SQL Server Replication Error - The specified LSN for repldone log scan occurs before the current start of replication in the log

MSSQLTips author Percy ReyesBy:    |   Read Comments   |   Related Tips: More > Replication

When working with SQL Server Replication there are times when you may get critical errors related to the Log Reader Agent. One of these errors is "The specified LSN [xxx] for repldone log scan occurs before the current start of replication in the log [xxx]". In this tip I will show how to deal with this type of error.


I'll give recommendations on how to fix the replication error and here is an actual error message as an example to help us analyze the issue:

The specified LSN {00000023:000000f8:0003} for repldone log scan occurs before the current 
start of replication in the log {00000023:000000f9:0005}. 

Below we can see what this error looks like using the Replication Monitor within SQL Server Management Studio.

Sessions in the SQL Server Replication Monitor

Note: these errors can be found in the Log Reader Agent history and also using SQL Server's Replication Monitor.

The Log Reader Agent is an executable that continuously reads the Transaction Log of the database configured for transactional replication and copies the transactions marked for replication from the Transaction Log into the msrepl_transactions table in the Distribution database.  It is important to know that when the Log Reader Agent starts it first verifies that the last transaction in the msrepl_transactions table in the Distribution database matches the Last Replicated Transaction in the Transaction Log for the published database (that is, the current start of replication). When this does not occur, an error will appear like shown above. Note that the msrepl_transactions table is a critical table and it must not be modified manually, because the Log Reader agent works based on the data in this table. If some entries are deleted or modified incorrectly then we will get many replication errors and one of them is what we are talking about in this tip.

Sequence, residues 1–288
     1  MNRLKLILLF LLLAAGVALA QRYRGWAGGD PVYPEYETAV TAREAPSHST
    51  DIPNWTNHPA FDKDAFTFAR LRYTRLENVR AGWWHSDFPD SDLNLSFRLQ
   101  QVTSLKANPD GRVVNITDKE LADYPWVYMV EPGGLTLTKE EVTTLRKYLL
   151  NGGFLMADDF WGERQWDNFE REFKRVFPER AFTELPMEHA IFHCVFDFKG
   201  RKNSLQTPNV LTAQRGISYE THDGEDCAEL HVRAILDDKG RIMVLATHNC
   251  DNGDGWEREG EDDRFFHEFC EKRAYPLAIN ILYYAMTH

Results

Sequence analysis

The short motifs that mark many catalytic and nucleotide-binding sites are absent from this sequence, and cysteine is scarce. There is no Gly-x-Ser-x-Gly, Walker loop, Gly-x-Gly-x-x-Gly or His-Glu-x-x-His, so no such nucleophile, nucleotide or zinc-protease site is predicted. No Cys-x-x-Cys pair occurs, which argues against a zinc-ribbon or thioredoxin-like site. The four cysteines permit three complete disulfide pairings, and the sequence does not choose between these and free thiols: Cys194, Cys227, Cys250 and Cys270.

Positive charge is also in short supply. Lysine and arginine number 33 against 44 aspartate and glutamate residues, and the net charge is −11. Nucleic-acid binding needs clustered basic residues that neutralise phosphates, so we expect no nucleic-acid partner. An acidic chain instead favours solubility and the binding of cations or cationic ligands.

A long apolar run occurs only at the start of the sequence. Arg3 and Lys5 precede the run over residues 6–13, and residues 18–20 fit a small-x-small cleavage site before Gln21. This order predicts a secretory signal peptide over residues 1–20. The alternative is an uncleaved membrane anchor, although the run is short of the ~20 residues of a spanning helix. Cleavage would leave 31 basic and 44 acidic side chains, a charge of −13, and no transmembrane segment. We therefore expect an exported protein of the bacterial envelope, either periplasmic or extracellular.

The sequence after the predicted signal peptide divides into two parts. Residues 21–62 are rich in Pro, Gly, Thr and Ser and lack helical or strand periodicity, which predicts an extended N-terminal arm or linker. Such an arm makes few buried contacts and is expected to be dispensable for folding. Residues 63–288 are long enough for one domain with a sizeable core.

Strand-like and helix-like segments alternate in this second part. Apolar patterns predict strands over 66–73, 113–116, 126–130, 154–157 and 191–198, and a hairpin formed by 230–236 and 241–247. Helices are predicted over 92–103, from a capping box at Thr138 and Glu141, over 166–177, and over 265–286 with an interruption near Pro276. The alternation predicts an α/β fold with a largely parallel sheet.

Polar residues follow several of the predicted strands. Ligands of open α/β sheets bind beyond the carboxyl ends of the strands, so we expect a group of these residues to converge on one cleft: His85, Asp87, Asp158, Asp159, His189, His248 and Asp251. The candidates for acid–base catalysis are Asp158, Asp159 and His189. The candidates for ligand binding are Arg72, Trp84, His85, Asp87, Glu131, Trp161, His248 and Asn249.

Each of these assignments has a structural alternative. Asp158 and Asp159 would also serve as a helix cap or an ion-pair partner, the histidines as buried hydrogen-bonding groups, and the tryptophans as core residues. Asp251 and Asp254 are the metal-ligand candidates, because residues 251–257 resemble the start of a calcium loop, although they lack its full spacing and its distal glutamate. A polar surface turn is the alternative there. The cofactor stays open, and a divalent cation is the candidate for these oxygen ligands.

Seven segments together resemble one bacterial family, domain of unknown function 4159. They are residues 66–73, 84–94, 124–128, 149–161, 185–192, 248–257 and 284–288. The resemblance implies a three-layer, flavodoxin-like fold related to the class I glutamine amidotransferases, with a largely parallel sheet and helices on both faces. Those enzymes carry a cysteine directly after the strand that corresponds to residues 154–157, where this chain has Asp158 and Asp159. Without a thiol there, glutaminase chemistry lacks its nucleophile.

Analyzing the SQL Server Replication Issue

As per our error message for this example, we can execute DBCC OPENTRAN on the published database to find more details about the opened and active replication transaction:

Replicated Transaction Information:
        Oldest distributed LSN     : (35:249:5)
        Oldest non-distributed LSN : (35:251:1)
DBCC execution completed. If DBCC printed error messages, contact your system administrator.

Note that DBCC OPENTRAN gives us the LSN value in Decimal format and we need to convert the LSN from Decimal to Hexadecimal for further analysis.  Below I have converted the values from decimal to hexadecimal.

Oldest distributed LSN : (35:249:5) --> 00000023:000000f9:0005 (must match last row in msrepl_transactions table) 
Oldest non-distributed LSN : (35:251:1) --> 00000023:000000fb:0001 (oldest LSN in the transaction log)

If we analyze the output again,

The specified LSN {00000023:000000f8:0003} for repldone log scan occurs before the current 
start of replication in the log {00000023:000000f9:0005}.